THE COLOUR OF THE LAND (Chiapas-Oaxaca) Mexico, 2001
author: Txomin  Txueka individual exhibition


Mexico, 2001

To speak about colour in the case of black-and-white pictures may seem a little strange. This is nevertheless what the Basque photographer wanted to do in his reportage "El COLOR de la TIERRA" from the Chiapas region of Mexico. He dedicated his pictures to the fugitives and freedom fighters. In fact, these people lend a certain `colour´ to their country, an attribute which is far removed from any notion of Mexico-romanticism.

No, it has nothing to do with the fact that this photographer is of Basque origin either. Txomin Txueka, born in 1960 in Getaria, is keen to underline his neutrality as a photographer: "I believe these pictures reflect the hard reality of injustice caused by political lobbies". Txomin Txueka works on a freelance basis, usually for the Basque newspapers. He is frequently to be found on the spot where the iniquities are particularly blatant, for instance, in Bolivia and in Palestinian refugee camps.

In March 2001, he finally visited the Mexican State of Chiapas. Here he photographed Indian victims of the paramilitary troops, Zapatista prisoners and the secret command head-quarters La Realidad set up by the Zapatista Liberation Army EZLN (Ejército Zapatista de Liberación Nacional). These pictures represent documents of the gaping wound in Mexican politics, a conflict which has been smouldering ever since 1994. At that time, the EZLN occupied several towns in Chiapas. A battle against government troops lasted twelve days and, according to reports, between 150 and 400 people lost their lives. The aim of the EZLN was, and still is, to obtain better living conditions and regional autonomy for the Indian civilizations. Influential land-owners control the region, corrupt the authorities, while their henchmen attack the EZLN and its supporters at every occasion. This was the case in Acteal. The background to this massacre has never been clarified, because there is little official motivation to pursue the murderers. Forty policemen, who were in the immediate vicinity, declined to intervene when sixty men penetrated the church in Acteal on 22nd December 1997, leaving 45 indigenous people dead, the majority women and children.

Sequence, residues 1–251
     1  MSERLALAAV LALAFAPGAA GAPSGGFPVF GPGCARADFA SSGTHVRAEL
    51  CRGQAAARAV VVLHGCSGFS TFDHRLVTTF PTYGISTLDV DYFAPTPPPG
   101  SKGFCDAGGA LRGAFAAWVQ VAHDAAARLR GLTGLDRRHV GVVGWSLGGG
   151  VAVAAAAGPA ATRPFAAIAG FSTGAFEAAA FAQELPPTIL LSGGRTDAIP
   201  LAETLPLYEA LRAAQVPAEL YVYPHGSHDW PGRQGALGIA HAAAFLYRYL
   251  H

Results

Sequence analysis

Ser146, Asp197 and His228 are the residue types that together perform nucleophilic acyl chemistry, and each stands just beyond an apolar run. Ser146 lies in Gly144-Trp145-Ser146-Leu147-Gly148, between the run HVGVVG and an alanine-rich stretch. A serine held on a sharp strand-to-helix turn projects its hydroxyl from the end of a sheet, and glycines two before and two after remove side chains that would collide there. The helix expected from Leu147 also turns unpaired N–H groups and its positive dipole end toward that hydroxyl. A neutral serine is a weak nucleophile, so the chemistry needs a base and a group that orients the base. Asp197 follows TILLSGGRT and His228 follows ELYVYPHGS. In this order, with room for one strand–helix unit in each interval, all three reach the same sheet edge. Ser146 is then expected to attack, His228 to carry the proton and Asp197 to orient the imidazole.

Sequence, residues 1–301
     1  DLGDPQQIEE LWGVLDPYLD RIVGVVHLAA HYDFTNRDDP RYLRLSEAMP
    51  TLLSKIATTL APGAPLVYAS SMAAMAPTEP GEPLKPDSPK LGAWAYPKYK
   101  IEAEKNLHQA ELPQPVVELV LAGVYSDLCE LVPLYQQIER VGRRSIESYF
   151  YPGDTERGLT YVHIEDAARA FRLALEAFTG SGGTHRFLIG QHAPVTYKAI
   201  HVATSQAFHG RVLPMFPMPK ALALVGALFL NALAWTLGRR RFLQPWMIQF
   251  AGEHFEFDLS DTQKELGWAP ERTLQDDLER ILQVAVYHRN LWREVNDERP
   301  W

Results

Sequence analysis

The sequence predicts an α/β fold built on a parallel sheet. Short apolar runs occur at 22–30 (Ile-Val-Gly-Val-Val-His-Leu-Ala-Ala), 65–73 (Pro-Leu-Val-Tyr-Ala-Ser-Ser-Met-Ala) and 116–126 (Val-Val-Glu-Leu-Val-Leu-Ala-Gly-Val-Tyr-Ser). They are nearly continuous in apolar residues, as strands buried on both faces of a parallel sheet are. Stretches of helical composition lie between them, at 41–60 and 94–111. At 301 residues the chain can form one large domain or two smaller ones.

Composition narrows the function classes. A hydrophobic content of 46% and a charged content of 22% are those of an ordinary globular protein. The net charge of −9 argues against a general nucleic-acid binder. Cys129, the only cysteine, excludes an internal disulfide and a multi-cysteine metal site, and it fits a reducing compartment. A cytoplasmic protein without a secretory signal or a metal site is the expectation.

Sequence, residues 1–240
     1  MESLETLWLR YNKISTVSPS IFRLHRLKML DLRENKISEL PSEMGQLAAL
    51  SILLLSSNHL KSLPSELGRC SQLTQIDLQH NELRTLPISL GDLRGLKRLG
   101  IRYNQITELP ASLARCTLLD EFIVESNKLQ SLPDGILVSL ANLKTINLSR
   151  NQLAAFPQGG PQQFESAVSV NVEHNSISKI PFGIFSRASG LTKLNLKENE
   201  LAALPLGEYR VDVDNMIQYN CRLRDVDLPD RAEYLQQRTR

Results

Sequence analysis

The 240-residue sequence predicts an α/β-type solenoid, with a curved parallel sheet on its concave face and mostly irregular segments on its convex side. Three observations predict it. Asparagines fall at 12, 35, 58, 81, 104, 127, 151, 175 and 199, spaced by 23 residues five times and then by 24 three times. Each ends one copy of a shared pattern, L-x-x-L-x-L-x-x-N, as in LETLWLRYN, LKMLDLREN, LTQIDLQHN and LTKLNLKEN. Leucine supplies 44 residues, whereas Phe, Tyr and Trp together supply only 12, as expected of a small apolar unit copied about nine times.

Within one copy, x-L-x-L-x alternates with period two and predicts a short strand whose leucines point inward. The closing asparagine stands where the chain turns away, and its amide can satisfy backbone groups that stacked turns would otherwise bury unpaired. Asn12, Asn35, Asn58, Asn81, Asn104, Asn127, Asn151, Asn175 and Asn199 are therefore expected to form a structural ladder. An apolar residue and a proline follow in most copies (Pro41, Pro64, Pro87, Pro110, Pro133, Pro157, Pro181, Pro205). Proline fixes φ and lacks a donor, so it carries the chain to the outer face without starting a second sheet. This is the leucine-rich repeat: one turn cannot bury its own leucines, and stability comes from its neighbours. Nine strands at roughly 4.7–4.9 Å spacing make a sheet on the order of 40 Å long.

Txomin Txueka´s photos give these victims a `face´ . A self-taught photographer, he does not interfere in the scene and renounces any false pathos. His subjects are well drawn, but perfectly calm. He has been working as a photojournalist since 1985 and has acquired, in the meantime, an unsensational but nevertheless involved style. Acteal was a dreadful sight, but proved to be a turning point. On a long-term basis, the EZLN had really won the day, certainly as far as public opinion was concerned. More and more Mexicans are putting their weight behind new rights for the indigenas. The EZLN has certainly understood how to gain the support of the world public for its aims. Since President Vicente Fox was elected in 2000, a fresh wind is blowing in Mexico. He is personally in favour of self-administration for the Mexican Indians and wants to grant them minority rights. However, his conservative party is not in agreement.

At any rate, the EZLN has recently scored two major victories. Their representatives were allowed to speak once in parliament, and an amnesty has been granted to many prisoners. Yet, optimism would be out of place, since the majority of indigenas is still on the road. Just how this flight has marked them can be observed in Txueka´s pictures. Some of these marked faces hide themselves behind masks. One just sees eyes looking through small slits. It is these eyes which lend Mexico its saddest colours.

(LEICA Fotografie International Magazine, 8/2001)